When life hands you lemons, use them in a photoshoot of a cheerful custom blue kitchen. Contractor: Keystone Home Remodeling. Photo: Kristina Kroot. 

CD: Do you consider the entire design of a home when designing spaces like kitchens or baths? 

MK: Yes. For some clients, we can go off the path with a crazy backsplash or some funky color cabinets. But for most clients, depending on the layout of their home, I want to elevate a room so that there is homeostasis between the kitchen and other rooms. It provides harmony and clients appreciate that. Unless I realize that there is a trend in the home that would suggest otherwise, I try to incorporate those principles. 

CD: How do you integrate technology into a space you are designing? 

MK: If clients want to go all out with it, I immediately look to integrators that I can partner with. The key thing is to recognize the client, their lifestyle, and if there are any limitations. It is good to stay up to date on what is going on in the world of integration so I can know what to suggest to them and how early I can bring in the integrator to develop the conversation further and understand the grand scheme of the project.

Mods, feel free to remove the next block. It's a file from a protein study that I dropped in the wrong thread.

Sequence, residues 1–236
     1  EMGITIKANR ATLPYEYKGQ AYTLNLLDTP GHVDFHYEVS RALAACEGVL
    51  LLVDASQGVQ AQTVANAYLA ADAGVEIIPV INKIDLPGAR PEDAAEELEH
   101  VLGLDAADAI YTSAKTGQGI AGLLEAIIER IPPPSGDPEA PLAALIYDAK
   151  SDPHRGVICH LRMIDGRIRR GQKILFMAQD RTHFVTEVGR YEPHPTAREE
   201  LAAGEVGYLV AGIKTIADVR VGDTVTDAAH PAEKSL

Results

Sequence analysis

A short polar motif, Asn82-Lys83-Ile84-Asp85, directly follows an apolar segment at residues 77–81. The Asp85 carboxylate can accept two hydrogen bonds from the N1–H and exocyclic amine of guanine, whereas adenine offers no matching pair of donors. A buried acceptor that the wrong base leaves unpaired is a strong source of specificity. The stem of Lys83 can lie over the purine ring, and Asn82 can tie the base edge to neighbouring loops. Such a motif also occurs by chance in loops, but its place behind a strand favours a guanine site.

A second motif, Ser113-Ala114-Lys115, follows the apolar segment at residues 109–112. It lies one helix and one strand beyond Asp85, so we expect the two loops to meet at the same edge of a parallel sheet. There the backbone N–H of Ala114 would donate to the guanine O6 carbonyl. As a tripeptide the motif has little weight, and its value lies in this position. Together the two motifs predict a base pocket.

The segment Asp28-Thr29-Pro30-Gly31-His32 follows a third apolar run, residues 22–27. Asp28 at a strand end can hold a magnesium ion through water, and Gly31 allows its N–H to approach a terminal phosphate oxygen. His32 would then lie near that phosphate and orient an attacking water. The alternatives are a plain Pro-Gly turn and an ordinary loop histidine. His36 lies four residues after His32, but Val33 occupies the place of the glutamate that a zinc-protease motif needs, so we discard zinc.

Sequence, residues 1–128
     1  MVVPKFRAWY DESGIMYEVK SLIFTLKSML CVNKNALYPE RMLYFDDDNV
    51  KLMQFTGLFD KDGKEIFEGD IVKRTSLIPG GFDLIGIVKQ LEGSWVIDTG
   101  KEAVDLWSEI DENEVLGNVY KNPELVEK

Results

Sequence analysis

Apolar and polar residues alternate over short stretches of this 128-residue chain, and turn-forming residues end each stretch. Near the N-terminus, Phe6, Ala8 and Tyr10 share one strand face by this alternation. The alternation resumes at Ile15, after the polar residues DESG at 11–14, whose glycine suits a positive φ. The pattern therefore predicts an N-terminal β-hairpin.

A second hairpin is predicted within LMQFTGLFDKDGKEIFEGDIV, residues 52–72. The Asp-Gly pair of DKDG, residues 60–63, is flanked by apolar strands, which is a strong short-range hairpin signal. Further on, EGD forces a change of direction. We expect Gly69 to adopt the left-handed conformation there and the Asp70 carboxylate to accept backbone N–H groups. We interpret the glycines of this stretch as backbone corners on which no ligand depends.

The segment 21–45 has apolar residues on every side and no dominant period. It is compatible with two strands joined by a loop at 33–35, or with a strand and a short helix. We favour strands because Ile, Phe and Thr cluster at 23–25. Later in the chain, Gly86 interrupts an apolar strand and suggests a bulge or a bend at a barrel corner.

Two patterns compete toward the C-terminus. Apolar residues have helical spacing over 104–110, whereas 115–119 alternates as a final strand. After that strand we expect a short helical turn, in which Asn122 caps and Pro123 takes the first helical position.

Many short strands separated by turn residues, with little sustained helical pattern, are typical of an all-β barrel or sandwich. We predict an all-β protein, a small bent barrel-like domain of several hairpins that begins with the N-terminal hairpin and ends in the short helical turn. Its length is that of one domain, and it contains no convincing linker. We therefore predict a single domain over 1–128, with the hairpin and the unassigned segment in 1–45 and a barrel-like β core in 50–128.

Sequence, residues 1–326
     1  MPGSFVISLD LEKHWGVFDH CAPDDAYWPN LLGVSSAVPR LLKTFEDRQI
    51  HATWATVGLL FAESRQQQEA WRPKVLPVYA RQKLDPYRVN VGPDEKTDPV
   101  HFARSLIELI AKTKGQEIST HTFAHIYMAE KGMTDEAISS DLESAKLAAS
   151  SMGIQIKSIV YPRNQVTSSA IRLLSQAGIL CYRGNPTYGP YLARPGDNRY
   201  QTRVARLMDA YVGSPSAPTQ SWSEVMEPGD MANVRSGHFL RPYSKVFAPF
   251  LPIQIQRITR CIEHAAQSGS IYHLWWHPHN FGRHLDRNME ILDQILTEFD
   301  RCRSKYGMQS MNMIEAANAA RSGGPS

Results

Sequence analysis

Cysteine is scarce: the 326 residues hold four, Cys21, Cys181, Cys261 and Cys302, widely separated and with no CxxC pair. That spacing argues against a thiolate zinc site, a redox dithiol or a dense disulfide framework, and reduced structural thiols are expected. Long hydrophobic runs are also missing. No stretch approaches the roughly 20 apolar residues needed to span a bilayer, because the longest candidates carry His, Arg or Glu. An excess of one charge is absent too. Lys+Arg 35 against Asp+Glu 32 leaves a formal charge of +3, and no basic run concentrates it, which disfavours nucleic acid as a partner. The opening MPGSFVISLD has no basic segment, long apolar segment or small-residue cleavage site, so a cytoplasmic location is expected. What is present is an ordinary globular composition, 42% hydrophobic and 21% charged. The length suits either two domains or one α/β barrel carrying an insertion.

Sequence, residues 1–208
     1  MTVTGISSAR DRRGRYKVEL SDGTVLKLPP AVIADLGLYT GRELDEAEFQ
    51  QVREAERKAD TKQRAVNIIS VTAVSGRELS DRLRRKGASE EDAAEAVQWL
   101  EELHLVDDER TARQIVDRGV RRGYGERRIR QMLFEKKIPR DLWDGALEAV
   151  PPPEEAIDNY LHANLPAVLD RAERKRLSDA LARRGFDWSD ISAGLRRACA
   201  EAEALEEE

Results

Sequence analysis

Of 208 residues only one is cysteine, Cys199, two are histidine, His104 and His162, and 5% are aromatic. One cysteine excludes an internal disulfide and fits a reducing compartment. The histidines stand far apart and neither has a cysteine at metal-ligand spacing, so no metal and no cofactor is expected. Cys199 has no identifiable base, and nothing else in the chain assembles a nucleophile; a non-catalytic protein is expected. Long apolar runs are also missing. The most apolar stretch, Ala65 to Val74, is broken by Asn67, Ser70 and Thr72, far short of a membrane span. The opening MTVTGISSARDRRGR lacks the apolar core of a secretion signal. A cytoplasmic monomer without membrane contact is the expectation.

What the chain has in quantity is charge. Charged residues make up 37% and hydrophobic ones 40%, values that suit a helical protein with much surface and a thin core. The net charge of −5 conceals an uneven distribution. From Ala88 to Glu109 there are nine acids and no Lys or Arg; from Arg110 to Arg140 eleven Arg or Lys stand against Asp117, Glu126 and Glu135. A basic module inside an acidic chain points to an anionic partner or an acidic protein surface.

CD: Finally, if you could give someone looking to enter the kitchen, bath and interior design field a piece of advice, what would it be? 

MK: Talk to everyone and do not be afraid to ask questions. There are a lot of design events that are held around cities like New York and Philadelphia that people can sign up for and go to for free, especially for students. Also, never doubt yourself. Comparison is the thief of joy. In my 20 years, there have been ups and downs in the industry and shifting emotions with how I felt as a designer, but as long as I stayed focused on my goals and why I started doing this, good things continued to happen. There are ebbs and flows in life, and you just must embrace all of it. Just ride the wave.